Falling wholesale prices are not being reflected in energy bills

Rudd urges Big Six to cut energy bills

Energy secretary Amber Rudd has called on the Big Six energy firms to cut bills for consumers.

Rudd said that government efforts to reduce costs for consumers are "not over yet" and that while wholesale prices remain low the industry should pass the savings on.

At a Westminster lunch yesterday, Rudd told reporters that she was not going to ease up on the UK’s largest energy firms - British Gas, SSE, E.ON, EDF, npower and Scottish Power and wrote to them in June regarding their prices.

She said: "It's not over yet. I'm still pressing them. Wholesale prices have stayed low and I will continue to press them to cut those bills and keep them down and potentially, as British Gas has, to bring them down further."

She encouraged householders to switch suppliers to secure better deals for their electricity and gas and said that average annual bills had fallen by £100 in the last year.

Rudd also defended the government's controversial cuts to support for the solar industry, following the collapse of Southern Solar.

The company recently went into administration with its chief executive Howard Johns accusing ministers of ‘misguided’ policies which will ‘kill off’ the industry.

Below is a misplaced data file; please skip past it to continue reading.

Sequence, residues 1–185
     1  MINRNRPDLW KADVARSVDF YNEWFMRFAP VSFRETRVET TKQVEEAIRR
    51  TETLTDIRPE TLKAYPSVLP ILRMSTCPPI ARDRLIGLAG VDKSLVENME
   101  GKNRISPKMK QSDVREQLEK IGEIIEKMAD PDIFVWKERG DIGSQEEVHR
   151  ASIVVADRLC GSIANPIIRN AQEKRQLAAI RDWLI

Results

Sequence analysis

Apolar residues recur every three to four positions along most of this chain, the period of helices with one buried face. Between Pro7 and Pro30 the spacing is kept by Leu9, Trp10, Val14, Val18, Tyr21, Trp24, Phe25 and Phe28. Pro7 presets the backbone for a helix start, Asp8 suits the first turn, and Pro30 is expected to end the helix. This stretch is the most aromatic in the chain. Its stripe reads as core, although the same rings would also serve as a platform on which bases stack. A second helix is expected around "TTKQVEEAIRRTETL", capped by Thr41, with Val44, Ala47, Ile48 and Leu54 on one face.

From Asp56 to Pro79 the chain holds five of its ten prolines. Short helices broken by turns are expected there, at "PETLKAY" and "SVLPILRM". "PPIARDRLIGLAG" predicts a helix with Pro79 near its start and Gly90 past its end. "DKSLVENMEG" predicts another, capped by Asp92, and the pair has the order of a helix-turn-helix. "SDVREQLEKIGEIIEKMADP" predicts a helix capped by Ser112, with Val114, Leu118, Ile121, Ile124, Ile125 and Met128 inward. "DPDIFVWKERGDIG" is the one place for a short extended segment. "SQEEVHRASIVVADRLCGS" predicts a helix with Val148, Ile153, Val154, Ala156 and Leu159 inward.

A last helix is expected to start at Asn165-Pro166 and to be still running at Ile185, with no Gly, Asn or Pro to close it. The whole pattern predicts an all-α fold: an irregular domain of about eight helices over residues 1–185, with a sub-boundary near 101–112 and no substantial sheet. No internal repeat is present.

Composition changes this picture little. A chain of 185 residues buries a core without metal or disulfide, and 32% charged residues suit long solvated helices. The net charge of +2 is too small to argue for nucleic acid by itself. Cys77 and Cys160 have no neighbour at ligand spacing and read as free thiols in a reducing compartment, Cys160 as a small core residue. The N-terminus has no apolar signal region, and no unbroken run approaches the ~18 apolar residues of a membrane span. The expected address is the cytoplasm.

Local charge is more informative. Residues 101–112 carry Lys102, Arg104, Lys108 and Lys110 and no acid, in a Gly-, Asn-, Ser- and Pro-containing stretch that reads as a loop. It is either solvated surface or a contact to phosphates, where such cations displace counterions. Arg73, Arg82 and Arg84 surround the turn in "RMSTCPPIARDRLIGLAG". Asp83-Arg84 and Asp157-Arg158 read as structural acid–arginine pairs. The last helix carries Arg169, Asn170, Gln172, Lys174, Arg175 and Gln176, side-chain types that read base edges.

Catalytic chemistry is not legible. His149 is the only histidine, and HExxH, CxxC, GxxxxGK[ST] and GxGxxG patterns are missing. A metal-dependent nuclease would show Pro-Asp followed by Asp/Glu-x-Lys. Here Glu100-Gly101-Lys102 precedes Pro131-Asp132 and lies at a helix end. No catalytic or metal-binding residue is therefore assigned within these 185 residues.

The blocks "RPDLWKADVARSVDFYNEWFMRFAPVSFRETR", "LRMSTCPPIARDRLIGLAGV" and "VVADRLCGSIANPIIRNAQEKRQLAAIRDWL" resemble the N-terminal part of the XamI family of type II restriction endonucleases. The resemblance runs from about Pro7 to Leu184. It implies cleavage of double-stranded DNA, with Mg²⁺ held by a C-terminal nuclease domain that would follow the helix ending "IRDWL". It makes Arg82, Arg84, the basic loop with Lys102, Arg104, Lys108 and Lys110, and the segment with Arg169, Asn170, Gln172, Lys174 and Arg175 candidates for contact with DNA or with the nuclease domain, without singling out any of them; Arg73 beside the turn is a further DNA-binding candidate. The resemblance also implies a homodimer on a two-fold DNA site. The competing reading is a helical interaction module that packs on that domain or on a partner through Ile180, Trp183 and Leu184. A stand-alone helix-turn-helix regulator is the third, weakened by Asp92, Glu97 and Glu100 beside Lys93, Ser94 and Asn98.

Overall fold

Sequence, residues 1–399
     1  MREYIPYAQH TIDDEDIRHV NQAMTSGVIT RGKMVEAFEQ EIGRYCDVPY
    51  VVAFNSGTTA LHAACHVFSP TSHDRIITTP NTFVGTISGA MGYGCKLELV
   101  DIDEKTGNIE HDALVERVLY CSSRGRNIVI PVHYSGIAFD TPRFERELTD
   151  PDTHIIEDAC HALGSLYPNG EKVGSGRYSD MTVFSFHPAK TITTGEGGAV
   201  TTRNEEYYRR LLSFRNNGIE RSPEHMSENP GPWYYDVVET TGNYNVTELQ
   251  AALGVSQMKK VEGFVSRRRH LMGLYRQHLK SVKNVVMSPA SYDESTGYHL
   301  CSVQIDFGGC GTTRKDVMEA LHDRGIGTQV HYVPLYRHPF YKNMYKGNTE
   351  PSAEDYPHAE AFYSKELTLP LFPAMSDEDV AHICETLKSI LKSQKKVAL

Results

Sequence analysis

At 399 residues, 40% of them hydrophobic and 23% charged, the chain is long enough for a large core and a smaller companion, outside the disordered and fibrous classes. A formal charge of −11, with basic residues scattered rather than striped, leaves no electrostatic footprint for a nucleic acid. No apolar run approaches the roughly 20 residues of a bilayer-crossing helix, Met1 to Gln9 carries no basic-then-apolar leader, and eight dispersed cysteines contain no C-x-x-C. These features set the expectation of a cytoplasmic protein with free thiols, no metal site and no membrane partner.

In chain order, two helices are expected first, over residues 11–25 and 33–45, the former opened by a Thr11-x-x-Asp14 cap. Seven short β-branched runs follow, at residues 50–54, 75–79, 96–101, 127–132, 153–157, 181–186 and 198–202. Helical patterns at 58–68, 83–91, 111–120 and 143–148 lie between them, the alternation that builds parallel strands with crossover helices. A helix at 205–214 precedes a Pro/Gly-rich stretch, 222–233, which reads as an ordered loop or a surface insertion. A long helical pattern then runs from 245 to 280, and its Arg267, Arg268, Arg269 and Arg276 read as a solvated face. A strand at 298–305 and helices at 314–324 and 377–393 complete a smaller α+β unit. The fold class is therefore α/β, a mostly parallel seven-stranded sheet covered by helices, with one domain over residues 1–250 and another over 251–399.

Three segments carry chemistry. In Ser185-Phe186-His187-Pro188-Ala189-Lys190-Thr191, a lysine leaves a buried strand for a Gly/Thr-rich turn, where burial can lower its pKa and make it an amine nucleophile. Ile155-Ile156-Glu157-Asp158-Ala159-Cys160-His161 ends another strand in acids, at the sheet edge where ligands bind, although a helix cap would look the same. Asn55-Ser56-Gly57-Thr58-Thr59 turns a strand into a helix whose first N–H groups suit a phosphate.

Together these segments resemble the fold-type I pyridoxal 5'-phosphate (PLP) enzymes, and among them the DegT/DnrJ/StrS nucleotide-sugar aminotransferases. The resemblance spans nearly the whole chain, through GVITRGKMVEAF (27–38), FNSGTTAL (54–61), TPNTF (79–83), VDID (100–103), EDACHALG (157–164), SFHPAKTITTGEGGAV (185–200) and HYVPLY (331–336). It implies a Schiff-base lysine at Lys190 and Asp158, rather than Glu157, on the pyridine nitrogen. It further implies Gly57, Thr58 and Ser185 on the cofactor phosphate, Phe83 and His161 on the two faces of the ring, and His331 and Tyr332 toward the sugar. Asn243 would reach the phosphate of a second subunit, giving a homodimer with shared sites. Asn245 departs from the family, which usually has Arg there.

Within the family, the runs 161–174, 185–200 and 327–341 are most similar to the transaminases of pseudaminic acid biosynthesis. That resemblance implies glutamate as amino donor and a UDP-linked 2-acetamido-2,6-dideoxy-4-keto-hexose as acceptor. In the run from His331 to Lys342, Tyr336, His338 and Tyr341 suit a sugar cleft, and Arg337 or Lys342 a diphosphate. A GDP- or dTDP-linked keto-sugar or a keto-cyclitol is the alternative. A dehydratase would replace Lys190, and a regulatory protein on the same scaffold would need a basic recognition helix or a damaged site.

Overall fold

Rudd insisted that solar energy had a ‘great future’ in the UK, but she had to get the level of subsidies under control.

"I want to make sure that bill payers, who pay for the subsidy, are making the right contribution to solar and that they don't overpay."

Meanwhile, the GMB union has cautioned that energy production in the UK left little margin for demand surges which could result in widespread blackouts this winter.

Rudd insisted she was "confident but not complacent" about efforts to keep the lights on but conceded that the new nuclear power station at Hinkley Point was not going to be generating electricity by the 2023 date originally set as a target.

Pressed on when the plant would be ready, Rudd said: "EDF are going to be telling us when they expect it to start generating. It is a project which they are managing, although we are very supportive of it, so I don't have that date.

National Grid has moved to counter fears of blackouts this winter by insisting that electricity margins are "manageable". Although the margin currently stands at just 1.2 per cent, the company said it was paying mothballed power stations to remain in standby to meet demand if necessary.

Cordi O'Hara, director of National Grid’s UK market operations said: "Electricity margins are manageable throughout the winter period and we believe we have the right tools in place to manage the system.

"This includes using the 2.4 gigawatt of additional balancing services that we have ready in place for times of highest demand.”

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